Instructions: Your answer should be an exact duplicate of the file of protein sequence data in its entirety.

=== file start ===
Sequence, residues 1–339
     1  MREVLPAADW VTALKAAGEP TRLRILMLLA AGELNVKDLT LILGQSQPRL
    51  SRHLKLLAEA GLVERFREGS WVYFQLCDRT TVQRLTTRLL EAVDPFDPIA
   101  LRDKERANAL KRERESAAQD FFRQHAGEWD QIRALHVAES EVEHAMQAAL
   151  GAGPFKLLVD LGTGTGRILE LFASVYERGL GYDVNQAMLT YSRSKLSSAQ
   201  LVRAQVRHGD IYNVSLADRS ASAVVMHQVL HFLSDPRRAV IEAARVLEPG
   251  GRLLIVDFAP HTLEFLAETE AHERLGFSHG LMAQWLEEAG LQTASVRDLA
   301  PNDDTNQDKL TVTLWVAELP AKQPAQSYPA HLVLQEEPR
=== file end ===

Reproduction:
Sequence, residues 1–339
     1  MREVLPAADW VTALKAAGEP TRLRILMLLA AGELNVKDLT LILGQSQPRL
    51  SRHLKLLAEA GLVERFREGS WVYFQLCDRT TVQRLTTRLL EAVDPFDPIA
   101  LRDKERANAL KRERESAAQD FFRQHAGEWD QIRALHVAES EVEHAMQAAL
   151  GAGPFKLLVD LGTGTGRILE LFASVYERGL GYDVNQAMLT YSRSKLSSAQ
   201  LVRAQVRHGD IYNVSLADRS ASAVVMHQVL HFLSDPRRAV IEAARVLEPG
   251  GRLLIVDFAP HTLEFLAETE AHERLGFSHG LMAQWLEEAG LQTASVRDLA
   301  PNDDTNQDKL TVTLWVAELP AKQPAQSYPA HLVLQEEPR